Ten Great US Infrastructure Projects Built By Irish American Immigrants

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The Extraordinary Legacy Of Hardworking Irish Americans

Globally, The United States boasts of state of the art infrastructure and cloud reaching buildings that are hard to find elsewhere.  Despite the architectural industry having undergone massive changes, it has come a long way with some of the current structures tracing their establishment hundred years ago.

Other than the real estate sector, the transport system has seen numerous improvements geared to make it efficient every day. Most of the construction occurred in a period that America experienced a massive influx of Irish immigrants. The Irish immigrants provided architectural designs and participated in the construction work.

While the state of US infrastructure is not what it once was, let us have a look at some of the infrastructure projects built by the Irish American immigrants.

1. The Empire State Building

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Image Source: Take Tours

The 102-story building in New York stands tall in appearance and hence features in the top 30 world’s tallest skyscrapers. After its completion, it stood as the world’s tallest building for about 4o years when others surpassing its height were erected. The original structure boasts of tons of steel and pre-world war architectural design.

Having lost the presidential race, AL Smith, the first Irish-catholic presidential candidate steered the planning of the Empire State building. Other than the planning process, the Irish-Americans played a central role in providing labor for the 14 months construction period.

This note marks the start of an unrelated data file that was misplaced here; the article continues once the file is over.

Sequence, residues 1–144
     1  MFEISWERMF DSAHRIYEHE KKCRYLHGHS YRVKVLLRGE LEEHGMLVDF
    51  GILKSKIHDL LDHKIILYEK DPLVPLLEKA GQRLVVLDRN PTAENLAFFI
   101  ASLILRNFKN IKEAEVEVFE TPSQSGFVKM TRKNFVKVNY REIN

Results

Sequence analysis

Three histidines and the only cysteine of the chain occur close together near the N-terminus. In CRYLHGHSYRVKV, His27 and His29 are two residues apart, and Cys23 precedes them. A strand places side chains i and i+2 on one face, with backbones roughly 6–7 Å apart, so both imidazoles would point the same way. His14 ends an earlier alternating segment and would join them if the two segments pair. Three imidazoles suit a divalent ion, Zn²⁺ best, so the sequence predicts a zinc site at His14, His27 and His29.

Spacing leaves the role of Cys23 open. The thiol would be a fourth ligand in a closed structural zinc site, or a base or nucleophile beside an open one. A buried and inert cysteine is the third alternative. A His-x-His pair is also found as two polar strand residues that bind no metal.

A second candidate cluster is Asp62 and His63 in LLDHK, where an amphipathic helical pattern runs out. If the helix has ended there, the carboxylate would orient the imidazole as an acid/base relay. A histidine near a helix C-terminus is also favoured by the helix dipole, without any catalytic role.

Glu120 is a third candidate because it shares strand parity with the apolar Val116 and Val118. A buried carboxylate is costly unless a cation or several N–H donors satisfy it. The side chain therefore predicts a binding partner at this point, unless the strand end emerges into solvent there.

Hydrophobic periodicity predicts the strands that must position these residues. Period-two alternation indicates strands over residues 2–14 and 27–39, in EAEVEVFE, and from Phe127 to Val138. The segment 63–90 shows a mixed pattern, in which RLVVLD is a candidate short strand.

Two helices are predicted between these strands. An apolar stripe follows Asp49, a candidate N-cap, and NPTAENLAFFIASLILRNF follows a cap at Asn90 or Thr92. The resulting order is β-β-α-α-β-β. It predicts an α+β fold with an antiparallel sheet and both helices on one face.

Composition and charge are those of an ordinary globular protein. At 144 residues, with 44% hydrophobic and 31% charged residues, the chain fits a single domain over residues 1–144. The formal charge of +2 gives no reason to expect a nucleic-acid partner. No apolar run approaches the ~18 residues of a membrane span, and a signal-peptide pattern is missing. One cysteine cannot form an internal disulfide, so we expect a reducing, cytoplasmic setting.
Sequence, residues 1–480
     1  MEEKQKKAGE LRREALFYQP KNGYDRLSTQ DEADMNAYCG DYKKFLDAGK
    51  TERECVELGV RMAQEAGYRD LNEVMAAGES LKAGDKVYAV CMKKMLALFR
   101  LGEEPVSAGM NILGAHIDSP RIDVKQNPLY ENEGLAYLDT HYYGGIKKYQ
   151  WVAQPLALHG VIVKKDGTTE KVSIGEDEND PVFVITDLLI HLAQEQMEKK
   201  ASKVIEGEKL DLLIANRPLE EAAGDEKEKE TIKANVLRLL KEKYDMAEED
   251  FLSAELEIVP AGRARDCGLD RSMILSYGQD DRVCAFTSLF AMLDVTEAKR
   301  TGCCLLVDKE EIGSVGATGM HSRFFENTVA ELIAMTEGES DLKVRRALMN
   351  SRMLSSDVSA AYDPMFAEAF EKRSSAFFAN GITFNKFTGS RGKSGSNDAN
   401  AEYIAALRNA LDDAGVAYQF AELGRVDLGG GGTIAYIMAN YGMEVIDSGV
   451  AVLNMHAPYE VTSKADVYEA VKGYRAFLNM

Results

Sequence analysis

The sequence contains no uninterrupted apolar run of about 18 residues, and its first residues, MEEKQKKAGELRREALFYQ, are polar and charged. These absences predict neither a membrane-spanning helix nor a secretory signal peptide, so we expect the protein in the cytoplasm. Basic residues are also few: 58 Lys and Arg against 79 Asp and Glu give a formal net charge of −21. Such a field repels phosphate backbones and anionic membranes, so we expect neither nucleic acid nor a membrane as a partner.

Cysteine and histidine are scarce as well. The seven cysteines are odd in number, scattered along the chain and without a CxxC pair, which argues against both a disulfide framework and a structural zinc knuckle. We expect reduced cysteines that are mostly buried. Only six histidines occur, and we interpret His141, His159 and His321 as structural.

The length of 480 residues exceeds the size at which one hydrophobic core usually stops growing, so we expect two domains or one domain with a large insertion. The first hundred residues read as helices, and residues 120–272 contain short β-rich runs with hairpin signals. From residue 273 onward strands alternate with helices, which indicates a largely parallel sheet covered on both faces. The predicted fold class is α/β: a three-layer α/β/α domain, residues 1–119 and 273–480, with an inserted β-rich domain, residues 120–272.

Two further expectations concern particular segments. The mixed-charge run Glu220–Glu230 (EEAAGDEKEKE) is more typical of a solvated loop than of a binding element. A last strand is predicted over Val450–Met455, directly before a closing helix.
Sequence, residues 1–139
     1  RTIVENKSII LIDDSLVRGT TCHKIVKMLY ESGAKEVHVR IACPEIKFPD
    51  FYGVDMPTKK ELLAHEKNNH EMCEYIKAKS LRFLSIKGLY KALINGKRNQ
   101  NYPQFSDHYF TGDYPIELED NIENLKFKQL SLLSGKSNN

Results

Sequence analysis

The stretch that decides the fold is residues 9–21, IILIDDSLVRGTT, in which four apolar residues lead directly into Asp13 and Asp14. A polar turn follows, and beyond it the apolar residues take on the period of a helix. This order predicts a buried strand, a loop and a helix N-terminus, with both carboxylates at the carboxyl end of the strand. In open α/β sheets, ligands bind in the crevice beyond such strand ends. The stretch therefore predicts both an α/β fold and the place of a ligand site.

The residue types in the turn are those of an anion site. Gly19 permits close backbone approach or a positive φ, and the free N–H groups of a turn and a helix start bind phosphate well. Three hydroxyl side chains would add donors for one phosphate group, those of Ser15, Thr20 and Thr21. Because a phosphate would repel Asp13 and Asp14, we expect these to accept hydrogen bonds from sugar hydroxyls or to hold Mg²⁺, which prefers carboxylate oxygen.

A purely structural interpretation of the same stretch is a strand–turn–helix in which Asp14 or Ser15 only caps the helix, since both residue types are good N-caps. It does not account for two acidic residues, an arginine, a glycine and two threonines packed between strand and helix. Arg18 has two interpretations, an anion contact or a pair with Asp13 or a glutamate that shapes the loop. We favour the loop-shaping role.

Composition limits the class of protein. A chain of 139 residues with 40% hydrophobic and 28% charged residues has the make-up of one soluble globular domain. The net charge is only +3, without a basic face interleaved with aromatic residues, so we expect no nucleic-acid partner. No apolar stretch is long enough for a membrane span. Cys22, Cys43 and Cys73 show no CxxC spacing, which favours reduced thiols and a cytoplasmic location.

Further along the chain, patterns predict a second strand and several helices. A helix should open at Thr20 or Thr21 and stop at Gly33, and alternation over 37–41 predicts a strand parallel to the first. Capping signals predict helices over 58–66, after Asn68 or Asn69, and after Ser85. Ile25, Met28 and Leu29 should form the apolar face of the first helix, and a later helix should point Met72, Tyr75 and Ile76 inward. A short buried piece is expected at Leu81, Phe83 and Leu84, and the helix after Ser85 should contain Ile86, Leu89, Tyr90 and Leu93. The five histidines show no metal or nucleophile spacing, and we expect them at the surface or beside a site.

2. The Home Insurance Building

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Image Source: Chicago Public Library

It ‘s hard to talk about the early skyscrapers without a glimpse of the Home Insurance Building in Chicago. Constructed in 1884 to 1885, the structure featured in the Guinness book of world records as the world’s first skyscraper.

With only ten floors at completion, the building featured fireproof interiors and exteriors due to the presence of iron and steel. With a majority of the Irish immigrants settling before 1850, they formed a formidable force in providing the required skills and workforce for the project.

3. The Croton Dam

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Image Source: Sharp Shooters

When the Irish arrived in New York, the city was nascent in terms of sanitation. The foul odors coming from the city discouraged visitors from a distance. With inadequate water supply and efficient sewerage system, it was time for the city authorities to turn around the situation.

The construction work of the dam took 14 years to completion with the bulk of the masonry work performed by the Irish immigrant workers. Other than providing water for the residents, the dam offers a picnic site for visitors owing to the blend of natural and artificial spillway designs that created a waterfall.

4. Erie Canal

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Image Source: Boating tales

The canal was proposed in 1808 and completed in 1825. Initially, the canal ran about 363 miles connecting Lake Erie to the Atlantic Ocean. With major facelifts and other connections established, it forms part of the modern New York State Canal System.

The establishment of the canals provided the businessmen with a cost effective way to transport bulk goods before the invention of the railway system. The canal earned the Congressional recognition as being one of the important man-made waterways that transformed the lives of Americans. More than half of the manual laborers in the project traced Irish ancestry.

5. The Chesapeake and Ohio Canal

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Image Source: Fine Art America